Event Title

A Comparison of Turn Taking in the Spontaneous Speech of Children with Williams Syndrome and Typically Developing Children

Location

CSU

Student's Major

Speech, Hearing, and Rehabilitation Services

Student's College

Allied Health and Nursing

Mentor's Name

Patricia Hargrove

Mentor's Department

Speech, Hearing, and Rehabilitation Services

Mentor's College

Allied Health and Nursing

Description

Williams Syndrome is a genetic disorder accompanied by developmental delay. Children with Williams Syndrome are considered more talkative than typically developing children. However, much of the evidence for this claim is based on parental reports rather than on empirical research. Therefore, the purpose of this project is to answer the question "Are children with Williams Syndrome more talkative?" Using audiotapes from the Speech and Hearing Clinic, six children with Williams Syndrome and six children whose language is typically developing will be studied. The children's spontaneous speech samples will be analyzed using a computerized language system (SALT). Based on claims in the literature, it is expected that the Williams Syndrome subjects will dominate conversations more than typically developing subjects. Such findings would support the view that children with Williams Syndrome are very talkative.

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A Comparison of Turn Taking in the Spontaneous Speech of Children with Williams Syndrome and Typically Developing Children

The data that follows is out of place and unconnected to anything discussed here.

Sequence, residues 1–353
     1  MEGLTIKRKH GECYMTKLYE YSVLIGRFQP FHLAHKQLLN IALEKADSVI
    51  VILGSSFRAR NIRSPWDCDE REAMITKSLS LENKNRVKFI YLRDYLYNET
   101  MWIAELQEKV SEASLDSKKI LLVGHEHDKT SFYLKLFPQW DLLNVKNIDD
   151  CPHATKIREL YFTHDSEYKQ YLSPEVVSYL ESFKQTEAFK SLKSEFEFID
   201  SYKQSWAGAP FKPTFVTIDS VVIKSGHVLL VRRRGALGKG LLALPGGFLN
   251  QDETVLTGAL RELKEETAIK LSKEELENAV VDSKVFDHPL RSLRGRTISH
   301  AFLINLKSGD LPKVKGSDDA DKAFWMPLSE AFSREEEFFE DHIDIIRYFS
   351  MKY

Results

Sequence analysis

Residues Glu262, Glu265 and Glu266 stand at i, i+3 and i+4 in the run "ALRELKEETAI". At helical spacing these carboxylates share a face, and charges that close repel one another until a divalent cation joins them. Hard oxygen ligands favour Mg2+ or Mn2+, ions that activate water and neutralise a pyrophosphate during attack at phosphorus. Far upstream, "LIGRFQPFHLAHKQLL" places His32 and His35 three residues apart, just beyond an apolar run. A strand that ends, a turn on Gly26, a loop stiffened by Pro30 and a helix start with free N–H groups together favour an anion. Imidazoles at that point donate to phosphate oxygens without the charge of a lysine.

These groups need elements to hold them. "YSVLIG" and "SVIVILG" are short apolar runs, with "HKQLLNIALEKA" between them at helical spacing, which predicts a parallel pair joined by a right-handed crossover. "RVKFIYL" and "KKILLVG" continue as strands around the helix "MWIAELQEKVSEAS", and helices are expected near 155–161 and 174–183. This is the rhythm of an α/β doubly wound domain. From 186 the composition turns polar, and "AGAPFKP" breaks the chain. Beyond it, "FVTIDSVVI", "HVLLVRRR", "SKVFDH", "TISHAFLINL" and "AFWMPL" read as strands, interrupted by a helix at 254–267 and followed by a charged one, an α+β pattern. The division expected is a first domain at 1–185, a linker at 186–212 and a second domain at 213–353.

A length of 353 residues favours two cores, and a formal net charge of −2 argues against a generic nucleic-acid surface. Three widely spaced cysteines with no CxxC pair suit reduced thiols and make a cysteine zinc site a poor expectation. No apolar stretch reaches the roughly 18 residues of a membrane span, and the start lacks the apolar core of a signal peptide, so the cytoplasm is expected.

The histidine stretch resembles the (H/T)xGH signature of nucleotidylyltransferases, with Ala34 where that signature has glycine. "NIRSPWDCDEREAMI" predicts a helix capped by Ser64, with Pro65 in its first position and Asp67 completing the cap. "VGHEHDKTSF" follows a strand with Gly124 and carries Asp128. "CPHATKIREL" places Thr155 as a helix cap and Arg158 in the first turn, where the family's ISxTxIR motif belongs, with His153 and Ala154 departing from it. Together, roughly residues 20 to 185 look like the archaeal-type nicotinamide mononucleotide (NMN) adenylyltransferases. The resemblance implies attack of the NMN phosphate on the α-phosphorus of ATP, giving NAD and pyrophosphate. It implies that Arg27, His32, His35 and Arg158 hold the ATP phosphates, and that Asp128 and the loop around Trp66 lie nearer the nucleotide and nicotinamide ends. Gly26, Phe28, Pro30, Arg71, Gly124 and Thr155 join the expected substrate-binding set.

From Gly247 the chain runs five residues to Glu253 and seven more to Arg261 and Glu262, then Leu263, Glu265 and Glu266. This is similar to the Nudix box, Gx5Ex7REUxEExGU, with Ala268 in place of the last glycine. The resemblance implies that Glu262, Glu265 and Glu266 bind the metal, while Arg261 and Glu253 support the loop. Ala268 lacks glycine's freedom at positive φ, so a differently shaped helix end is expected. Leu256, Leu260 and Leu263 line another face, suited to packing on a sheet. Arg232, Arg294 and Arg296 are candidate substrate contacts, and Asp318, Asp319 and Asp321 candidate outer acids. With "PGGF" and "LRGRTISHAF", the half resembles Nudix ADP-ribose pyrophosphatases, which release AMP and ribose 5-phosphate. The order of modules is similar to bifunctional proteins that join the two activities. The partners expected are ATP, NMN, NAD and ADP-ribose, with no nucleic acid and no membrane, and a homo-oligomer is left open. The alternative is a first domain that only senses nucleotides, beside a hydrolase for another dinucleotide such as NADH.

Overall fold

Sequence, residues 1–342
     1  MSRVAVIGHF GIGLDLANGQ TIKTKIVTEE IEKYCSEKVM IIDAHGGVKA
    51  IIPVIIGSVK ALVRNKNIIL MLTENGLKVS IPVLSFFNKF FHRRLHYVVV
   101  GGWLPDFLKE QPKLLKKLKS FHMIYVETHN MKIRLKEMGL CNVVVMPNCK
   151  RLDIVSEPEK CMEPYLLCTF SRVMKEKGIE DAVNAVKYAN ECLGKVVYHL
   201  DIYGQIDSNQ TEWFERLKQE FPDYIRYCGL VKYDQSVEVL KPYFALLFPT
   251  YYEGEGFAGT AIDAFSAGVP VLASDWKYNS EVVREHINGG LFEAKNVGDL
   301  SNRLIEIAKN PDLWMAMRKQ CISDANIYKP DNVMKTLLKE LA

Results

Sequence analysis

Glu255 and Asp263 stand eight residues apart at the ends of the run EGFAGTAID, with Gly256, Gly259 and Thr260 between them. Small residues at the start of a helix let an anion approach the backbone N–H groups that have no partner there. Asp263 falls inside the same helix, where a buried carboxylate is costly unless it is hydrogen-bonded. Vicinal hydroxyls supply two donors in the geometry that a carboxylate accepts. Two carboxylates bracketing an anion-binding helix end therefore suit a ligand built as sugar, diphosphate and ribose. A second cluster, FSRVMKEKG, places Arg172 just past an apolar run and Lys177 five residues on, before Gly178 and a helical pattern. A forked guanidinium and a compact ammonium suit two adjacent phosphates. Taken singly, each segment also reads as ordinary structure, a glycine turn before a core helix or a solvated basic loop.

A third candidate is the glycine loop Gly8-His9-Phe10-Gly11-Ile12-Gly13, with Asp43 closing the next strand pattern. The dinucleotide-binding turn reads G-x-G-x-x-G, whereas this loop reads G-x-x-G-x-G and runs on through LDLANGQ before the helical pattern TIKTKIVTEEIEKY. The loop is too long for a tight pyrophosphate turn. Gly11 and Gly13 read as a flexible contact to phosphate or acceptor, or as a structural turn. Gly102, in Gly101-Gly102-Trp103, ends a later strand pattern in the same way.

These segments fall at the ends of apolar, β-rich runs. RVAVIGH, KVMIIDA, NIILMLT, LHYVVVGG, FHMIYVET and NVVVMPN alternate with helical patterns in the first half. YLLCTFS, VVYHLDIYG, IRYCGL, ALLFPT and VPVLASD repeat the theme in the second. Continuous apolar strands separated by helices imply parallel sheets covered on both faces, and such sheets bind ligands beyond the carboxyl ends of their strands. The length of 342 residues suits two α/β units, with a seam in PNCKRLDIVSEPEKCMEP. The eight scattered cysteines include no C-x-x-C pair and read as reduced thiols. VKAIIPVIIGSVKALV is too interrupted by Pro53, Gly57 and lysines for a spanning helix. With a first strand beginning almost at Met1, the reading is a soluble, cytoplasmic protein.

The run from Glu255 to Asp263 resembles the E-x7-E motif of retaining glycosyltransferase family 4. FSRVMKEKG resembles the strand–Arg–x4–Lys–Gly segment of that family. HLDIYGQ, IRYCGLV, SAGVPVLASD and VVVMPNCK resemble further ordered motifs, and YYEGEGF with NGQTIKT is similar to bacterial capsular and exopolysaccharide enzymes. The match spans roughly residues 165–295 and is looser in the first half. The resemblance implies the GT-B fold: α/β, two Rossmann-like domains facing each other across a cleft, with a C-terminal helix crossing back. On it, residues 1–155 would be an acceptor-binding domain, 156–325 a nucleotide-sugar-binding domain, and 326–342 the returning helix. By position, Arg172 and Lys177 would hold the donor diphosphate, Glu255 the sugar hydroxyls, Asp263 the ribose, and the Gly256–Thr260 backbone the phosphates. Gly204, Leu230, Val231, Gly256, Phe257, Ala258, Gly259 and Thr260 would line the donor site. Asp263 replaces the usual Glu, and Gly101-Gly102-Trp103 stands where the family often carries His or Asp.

CSU

Williams Syndrome is a genetic disorder accompanied by developmental delay. Children with Williams Syndrome are considered more talkative than typically developing children. However, much of the evidence for this claim is based on parental reports rather than on empirical research. Therefore, the purpose of this project is to answer the question "Are children with Williams Syndrome more talkative?" Using audiotapes from the Speech and Hearing Clinic, six children with Williams Syndrome and six children whose language is typically developing will be studied. The children's spontaneous speech samples will be analyzed using a computerized language system (SALT). Based on claims in the literature, it is expected that the Williams Syndrome subjects will dominate conversations more than typically developing subjects. Such findings would support the view that children with Williams Syndrome are very talkative.